I Love Saturdays y Domingos

Saturdays and Sundays are very special days for the child in this story. On Saturdays, she visits Grandma and Grandpa, who come from a European-American background, and on Sundays — los domingos — she visits Abuelito y Abuelita, who are Mexican-American. While the two sets of grandparents are different in many ways, they also have a great deal in common — in particular, their love for their granddaughter. While we follow our narrator to the circus and the pier, share stories from her grandparents’ pasts, and celebrate her birthday, the depth and joy of both cultures are conveyed in Spanish and English. This affirmation of both heritages will speak to all children who want to know more about their own families and ethnic backgrounds.

Americas Award for Children’s and Young Adult Literature, Commended

Related: Fiction, Picture Book, Primary (ages 6-9), United States

6 thoughts on “I Love Saturdays y Domingos

  1. Katie Alper says:

    This book is a great multicultural book! The little girl spends her Saturdays with Grandma and Grandpa, dad’s parents who have a European background and Abuelito and Abuelita, mom’s parents who are hispanic. Because of her grandparents different cultures, the little girl is able to have a multicultural background and participates in a lot of different experiences. This book is a fantastic book that I just discovered. I am very excited to use it in my classroom next year. I think it will show children that everyone has different experiences and different backgrounds. It would open up students minds that people do things in different ways. I am really looking forward to using this book in my classroom!

  2. Amy says:

    This is a great book that shows the value of dual heritage. Having two sets of grandparents that are unique and different is so special to the little girl. After reading this book, it can open up for other children to talk about their heritage and realize that it is valued and meaningful. It could also be used to discuss various heritages. I also really liked the English and Spanish translations on each page.

  3. Mia Hood says:

    In I Love Saturdays y Domingos, the narrator celebrates her weekends spent with her European-American and Latino extended families. Ada’s portrayal of both families as similarly loving and committed to their family traditions reinforces the message that we all share the capacity to love and be loved. Yet, Ada’s juxtaposition of the European-American and Latino traditions–along with her use of both Spanish and English–highlights the cultural specificity of the two families. At the end, when both families come together to celebrate her birthday, we get a sense of the narrator as an individual, and her individuality both incorporates and supersedes the discrete components of her cultural identity.

  4. Nicole Y. says:

    This is a wonderful book about a girl whose family is multicultural – her mother is Anglo-American and her father is Mexican American with some Native American ancestry as well. Consequently, the main character of the book, the little girl, is bilingual and Alma Flor Ada does a wonderful job of weaving Spanish into the English text seamlessly and in a way that is realistic by assigning the little girl a primary language, English, which most of the story is written in, and a second language that is spoken with the Latino side of her family; and she easily switches from one language to the other when both sides of the family are present.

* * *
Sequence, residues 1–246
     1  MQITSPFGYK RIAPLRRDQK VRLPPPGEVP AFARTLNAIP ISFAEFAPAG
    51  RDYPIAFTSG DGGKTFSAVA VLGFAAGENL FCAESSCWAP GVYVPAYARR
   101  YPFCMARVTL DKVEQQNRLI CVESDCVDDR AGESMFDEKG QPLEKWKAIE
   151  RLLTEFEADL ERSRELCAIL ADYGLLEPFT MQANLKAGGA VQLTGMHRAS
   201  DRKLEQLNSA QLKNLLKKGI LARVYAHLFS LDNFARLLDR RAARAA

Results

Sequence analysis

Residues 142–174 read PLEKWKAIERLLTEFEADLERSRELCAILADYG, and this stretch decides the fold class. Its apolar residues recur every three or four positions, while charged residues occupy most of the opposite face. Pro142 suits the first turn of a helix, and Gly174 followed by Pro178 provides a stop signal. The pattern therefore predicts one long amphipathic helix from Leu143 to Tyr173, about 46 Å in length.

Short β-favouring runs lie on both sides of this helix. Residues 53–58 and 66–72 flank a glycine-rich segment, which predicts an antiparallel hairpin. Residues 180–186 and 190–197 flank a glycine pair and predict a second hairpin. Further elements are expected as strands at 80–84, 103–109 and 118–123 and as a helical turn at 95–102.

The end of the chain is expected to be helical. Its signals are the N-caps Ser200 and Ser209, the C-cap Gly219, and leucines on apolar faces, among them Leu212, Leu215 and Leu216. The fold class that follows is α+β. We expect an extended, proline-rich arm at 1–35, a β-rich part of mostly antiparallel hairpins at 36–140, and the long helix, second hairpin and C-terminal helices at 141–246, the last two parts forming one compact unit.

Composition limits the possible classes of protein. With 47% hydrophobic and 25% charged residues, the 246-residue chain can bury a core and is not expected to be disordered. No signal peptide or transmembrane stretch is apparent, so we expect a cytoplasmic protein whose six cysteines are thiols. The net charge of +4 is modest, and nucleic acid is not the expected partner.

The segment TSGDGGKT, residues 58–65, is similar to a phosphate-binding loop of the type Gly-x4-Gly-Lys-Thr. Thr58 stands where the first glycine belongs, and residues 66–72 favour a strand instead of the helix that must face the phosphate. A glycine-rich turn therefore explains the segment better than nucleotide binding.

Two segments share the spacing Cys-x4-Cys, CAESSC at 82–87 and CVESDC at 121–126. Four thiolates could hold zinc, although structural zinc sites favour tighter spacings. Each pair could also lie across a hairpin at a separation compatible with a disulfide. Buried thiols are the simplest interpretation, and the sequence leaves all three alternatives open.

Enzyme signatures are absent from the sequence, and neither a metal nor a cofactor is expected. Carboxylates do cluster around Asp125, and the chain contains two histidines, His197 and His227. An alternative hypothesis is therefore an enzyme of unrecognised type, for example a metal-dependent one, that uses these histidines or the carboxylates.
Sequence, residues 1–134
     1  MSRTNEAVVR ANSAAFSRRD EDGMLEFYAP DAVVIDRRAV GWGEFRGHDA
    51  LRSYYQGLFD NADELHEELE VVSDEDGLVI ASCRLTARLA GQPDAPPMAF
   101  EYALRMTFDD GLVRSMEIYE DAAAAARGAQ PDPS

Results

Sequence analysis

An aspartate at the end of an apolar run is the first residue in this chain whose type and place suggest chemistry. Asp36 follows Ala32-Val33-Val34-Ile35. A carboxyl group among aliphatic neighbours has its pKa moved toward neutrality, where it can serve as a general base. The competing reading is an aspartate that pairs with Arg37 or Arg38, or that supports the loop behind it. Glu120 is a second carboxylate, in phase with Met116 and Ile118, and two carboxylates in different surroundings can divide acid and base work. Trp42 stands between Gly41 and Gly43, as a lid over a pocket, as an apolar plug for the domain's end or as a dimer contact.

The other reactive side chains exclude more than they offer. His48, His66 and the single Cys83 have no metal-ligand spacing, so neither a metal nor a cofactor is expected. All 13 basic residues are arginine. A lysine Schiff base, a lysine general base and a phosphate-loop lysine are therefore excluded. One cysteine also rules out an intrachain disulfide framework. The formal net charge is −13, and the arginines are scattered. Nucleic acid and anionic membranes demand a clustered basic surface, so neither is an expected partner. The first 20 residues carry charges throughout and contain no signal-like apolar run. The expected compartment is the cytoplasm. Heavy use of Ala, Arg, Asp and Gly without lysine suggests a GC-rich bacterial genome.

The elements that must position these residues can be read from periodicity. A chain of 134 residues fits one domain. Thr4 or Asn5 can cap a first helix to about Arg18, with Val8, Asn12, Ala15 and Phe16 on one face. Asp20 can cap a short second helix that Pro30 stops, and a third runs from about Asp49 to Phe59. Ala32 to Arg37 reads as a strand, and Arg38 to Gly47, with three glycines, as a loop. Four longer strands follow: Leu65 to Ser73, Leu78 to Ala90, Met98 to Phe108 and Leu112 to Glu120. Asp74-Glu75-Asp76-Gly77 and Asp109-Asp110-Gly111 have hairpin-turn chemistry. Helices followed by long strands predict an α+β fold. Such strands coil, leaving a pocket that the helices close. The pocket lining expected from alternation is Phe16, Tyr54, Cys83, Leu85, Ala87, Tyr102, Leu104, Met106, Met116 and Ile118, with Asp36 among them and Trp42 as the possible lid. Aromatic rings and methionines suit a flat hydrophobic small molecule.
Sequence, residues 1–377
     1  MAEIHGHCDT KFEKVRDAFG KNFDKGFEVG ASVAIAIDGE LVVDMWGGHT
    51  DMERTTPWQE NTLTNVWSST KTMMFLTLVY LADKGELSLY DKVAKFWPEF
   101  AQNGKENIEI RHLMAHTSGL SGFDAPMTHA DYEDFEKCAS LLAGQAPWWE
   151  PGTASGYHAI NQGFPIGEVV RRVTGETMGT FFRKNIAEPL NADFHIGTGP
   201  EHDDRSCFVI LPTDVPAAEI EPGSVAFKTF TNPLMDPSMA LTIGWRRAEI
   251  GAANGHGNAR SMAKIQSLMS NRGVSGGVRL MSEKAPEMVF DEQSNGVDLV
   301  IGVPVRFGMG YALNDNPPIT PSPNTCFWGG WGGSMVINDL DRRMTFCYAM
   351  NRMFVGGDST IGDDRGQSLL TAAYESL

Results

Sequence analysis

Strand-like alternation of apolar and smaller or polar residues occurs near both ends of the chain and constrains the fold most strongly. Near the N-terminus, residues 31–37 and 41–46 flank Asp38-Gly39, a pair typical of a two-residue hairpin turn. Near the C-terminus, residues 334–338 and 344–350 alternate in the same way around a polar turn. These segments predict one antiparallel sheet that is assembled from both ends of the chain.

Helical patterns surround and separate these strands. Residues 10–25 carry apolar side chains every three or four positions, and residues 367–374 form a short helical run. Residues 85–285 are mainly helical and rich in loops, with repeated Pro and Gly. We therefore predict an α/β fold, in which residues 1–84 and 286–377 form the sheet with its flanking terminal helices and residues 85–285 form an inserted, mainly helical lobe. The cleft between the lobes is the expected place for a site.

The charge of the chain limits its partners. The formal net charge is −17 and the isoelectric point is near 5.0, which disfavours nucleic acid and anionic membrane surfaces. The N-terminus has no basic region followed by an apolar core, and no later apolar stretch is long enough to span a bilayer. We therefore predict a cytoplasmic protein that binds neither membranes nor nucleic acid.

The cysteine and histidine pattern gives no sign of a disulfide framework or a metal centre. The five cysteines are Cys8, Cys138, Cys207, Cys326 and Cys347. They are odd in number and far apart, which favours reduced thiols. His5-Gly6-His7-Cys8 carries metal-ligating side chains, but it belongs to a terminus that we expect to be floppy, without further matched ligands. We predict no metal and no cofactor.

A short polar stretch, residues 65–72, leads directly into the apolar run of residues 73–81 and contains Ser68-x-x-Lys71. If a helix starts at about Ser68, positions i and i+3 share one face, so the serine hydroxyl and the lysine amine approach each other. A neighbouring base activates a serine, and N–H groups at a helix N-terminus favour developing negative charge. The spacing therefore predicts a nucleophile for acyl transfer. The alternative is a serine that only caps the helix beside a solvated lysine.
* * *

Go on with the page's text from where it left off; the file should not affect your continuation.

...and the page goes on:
This book presents being multicultural and bilingual in a positive light by embracing the differences of heritage, instilling a sense of pride in one’s family history, and presenting the two cultures as equal participants in the child’s life. It is a book that every bilingual, multicultural child can relate to personally, as well as teaching all children about the diversity of families in today’s increasingly global society.

  5. Janine Schall says:

    This is a lovely book about a girl who has relatives from different ethnicities. The Latino and the Anglo grandparents are given equal weight and it is clear that the child has no difficulty navigating the differences between cultures. Spanish words are integrated in a way that makes it easy for English-speakers to understand. This is a wonderful story for children of mixed heritage, for children who are learning about Latino cultures, or for any child with a loving relationship with their grandparents.

  6. This is the book I’ve been meaning to write, one where children who don’t speak Spanish can easily understand the Spanish words used, and where Spanish speaking children can enjoy reading a book with words in their language. Alma Flor Ada cleverly juxtaposes the little girl’s visits to her two sets of grandmothers so children learn that everybody can enjoy being with their grandparents, no matter what language they speak.

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